The government investment promotion programme Invest SA on June 8 launched a new website to provide prospective and existing investors with relevant information to invest in the country.
A new Doing Business in SA website was simultaneously launched to provide small businesses and entrepreneurs with the information, documents and contacts needed to start a business.
The websites were developed in response to President Cyril Ramaphosa's announcements of measures to move South Africa up the World Bank rankings in terms of ease of doing business.
Part of improving the ease of doing business is to implement reforms, said Department of Trade, Industry and Competition (DTIC) investment promotion acting head Yunus Hoosen.
"The DTIC is leading the work done in this area, which involves reforming and reducing processes, transparently showing how we have improved since the launch of the programme [in 2019] and providing up-to-date comprehensive information for potential and existing investors."
National Treasury Economic Development programme leader Karen Harrison said the focus was on the nine major metropolitan areas in South Africa, as these generate more than half of the country's gross domestic product.
Improving the competitiveness and performance of the metropolitan economies is central to the national Economic Reconstruction and Recovery Plan, she noted.
Ease of doing business has a direct impact on the performance and competitiveness of exports and services, she added.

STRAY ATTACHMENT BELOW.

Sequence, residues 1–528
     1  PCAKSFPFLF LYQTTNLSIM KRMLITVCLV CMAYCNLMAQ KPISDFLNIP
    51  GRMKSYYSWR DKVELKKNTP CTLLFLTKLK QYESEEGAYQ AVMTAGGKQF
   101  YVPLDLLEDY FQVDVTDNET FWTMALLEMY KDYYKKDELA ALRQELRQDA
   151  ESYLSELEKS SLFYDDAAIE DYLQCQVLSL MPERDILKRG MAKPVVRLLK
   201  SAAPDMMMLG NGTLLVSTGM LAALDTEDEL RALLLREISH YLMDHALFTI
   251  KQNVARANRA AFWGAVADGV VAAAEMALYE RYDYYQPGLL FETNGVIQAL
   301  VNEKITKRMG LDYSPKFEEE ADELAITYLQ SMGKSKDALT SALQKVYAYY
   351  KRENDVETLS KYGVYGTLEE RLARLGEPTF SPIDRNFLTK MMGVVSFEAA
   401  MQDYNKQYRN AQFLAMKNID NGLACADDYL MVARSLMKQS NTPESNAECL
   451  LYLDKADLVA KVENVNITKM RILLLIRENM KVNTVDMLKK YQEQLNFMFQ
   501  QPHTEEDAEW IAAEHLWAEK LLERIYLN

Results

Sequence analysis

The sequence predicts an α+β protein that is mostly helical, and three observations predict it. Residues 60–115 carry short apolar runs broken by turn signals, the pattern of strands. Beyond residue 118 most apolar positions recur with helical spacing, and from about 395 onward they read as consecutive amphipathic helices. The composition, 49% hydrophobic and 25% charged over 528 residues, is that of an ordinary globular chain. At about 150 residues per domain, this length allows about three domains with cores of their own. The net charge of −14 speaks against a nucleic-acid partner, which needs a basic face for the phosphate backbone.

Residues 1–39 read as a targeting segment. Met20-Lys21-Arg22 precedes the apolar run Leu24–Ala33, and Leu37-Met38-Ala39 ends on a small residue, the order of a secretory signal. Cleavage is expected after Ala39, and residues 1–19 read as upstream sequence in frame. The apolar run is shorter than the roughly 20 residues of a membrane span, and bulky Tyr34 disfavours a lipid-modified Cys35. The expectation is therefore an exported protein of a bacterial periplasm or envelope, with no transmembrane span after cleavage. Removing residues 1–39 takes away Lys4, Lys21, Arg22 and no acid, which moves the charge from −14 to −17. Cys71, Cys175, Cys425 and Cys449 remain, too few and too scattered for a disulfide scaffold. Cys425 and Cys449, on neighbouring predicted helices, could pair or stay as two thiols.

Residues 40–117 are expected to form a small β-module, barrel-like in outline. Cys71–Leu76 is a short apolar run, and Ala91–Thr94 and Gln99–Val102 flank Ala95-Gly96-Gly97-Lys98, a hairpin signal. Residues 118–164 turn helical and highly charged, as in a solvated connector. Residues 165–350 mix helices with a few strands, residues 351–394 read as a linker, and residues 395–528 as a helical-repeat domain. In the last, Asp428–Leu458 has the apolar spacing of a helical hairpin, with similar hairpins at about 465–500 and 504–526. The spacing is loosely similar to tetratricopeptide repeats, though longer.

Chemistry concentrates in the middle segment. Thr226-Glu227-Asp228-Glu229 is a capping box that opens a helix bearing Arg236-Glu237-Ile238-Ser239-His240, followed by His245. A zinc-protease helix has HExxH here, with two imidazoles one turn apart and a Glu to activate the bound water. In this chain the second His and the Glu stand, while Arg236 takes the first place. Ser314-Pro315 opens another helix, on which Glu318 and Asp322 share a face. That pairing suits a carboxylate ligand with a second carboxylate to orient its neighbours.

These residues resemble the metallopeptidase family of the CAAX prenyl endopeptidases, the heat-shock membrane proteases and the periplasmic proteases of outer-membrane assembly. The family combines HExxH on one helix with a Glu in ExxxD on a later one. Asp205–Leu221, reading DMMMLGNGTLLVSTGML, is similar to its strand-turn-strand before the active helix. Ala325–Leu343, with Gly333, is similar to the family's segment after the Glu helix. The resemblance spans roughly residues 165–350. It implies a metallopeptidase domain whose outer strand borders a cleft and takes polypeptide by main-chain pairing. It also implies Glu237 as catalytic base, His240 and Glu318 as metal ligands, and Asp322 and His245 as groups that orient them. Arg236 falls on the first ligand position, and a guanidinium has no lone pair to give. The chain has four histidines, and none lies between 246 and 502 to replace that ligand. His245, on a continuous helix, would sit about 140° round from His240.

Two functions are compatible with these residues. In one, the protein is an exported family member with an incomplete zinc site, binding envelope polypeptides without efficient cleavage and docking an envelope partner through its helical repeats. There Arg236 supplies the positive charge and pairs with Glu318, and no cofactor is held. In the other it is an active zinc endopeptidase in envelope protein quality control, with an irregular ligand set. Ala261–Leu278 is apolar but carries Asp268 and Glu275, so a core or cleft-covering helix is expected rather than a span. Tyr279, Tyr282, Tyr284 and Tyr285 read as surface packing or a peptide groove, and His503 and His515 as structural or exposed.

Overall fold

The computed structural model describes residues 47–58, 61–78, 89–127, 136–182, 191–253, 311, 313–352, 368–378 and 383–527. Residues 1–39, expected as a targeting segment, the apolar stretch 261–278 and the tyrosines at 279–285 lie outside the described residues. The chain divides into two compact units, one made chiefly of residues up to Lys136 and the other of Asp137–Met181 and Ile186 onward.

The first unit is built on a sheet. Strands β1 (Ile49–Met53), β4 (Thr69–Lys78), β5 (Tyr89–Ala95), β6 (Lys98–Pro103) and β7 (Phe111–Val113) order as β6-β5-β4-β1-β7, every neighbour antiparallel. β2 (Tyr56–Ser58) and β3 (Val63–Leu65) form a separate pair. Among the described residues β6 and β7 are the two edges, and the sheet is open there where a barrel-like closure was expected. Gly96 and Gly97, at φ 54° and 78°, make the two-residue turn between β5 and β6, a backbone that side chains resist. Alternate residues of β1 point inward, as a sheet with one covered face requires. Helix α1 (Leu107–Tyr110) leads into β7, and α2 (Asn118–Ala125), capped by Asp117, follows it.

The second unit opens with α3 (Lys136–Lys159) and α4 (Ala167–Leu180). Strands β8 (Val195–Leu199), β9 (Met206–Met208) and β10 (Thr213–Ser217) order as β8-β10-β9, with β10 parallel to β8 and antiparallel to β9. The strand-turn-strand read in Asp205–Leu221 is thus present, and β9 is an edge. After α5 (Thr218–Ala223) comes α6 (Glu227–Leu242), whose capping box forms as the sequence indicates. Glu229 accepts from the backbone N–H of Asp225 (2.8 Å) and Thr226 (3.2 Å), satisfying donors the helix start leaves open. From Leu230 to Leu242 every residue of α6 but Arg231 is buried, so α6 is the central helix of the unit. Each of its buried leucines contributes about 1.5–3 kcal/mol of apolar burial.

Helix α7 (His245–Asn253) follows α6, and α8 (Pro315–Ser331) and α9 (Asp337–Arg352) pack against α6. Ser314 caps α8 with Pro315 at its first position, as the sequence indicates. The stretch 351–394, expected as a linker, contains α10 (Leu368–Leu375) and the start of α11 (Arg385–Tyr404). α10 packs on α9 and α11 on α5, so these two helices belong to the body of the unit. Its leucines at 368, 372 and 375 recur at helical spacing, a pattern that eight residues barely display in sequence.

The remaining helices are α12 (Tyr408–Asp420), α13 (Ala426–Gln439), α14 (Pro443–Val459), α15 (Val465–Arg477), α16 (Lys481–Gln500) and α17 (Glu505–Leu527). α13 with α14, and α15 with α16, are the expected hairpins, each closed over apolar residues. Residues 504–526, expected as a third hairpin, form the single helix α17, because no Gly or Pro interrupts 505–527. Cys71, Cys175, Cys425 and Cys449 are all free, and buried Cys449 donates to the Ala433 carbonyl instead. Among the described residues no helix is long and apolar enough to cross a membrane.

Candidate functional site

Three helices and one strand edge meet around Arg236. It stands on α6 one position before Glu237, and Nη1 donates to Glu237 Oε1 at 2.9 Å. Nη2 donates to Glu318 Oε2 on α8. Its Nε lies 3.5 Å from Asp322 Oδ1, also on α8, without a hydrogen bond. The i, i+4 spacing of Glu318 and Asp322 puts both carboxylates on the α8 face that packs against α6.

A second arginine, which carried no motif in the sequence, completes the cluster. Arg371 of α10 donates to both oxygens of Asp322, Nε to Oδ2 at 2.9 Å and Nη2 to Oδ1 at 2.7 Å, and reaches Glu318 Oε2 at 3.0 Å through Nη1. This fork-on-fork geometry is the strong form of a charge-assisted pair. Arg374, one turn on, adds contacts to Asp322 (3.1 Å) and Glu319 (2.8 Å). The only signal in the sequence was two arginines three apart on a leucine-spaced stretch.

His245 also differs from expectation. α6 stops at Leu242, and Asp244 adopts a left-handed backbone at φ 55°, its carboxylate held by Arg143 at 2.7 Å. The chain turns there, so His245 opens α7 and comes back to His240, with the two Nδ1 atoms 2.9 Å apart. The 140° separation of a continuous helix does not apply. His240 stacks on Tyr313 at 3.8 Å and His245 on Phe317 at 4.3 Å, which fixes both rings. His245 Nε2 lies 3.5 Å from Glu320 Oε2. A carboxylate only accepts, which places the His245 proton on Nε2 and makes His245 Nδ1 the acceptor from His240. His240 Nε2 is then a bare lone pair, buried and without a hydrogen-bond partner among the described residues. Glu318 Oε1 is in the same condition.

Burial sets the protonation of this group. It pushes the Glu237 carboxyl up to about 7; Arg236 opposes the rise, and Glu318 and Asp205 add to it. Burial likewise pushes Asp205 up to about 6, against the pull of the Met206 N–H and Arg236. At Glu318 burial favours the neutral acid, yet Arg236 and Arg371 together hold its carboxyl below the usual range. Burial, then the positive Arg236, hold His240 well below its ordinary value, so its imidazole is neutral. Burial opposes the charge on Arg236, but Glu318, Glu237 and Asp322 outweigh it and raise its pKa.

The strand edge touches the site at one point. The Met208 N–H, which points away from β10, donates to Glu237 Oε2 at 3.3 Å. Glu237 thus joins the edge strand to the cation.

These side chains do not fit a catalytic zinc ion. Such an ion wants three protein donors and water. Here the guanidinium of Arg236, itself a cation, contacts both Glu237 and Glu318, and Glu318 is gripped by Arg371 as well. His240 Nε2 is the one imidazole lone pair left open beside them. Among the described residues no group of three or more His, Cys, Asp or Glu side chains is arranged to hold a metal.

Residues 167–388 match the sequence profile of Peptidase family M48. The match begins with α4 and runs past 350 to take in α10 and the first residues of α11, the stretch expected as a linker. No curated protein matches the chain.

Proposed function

However, metros only have control and influence over three of the eleven ease of doing business metrics used by the World Bank, namely registering property, getting electricity and dealing with construction permits, all of which are related to processes.
"While the score [on the World Bank index] is critical for attractiveness as an investment destination, the value lies in national and sub-national reforms to address the existing inefficiencies in public sector operations that undermine competitiveness in the country's metros," she said.
Lessons learned from the pilot projects in cities can be used to inform further interventions at a sub-national level, including provinces and municipalities that often resist implementing reforms.
The DTIC and the City of Johannesburg (CoJ) are piloting various electronic governance (e-government) projects to improve the functions of these three metrics. CoJ provided updates on the digitalisation of construction permit, property registration and electricity application processes.
CoJ deeds deputy registrar Jabulani Hlatshwayo said the Electronic Deeds Registration Act, promulgated in 2019, enabled the city to implement its electronic registration system to ensure the entire deeds process is moved from manual to digital. This allowed the city to make several improvements to the registration process.
"The project led to significantly improved turnaround times down to a maximum of three days. We are trying to ensure we develop the system to improve security and ensure it can interface or integrate with other systems, such as governmental and municipal systems.
CoJ development planning department head Amolemo Mothoagae detailed how construction permitting processes have been digitised, and reduced the average time to process a permit from 90 to 120 days, to 60 days. The city plans to reduce this further to 30 days.
However, she warned that a core challenge facing the development planning department, and specifically those employees who form part of the construction permitting processes, is resistance to change and the key need to ensure change management is handled properly. This is also expected to be a key challenge across all spheres of government implementing digital projects.
She said staff are concerned about their functions, and the department is looking at how these employees can be used effectively as digital systems are rolled out. The department is grappling with the reforms required.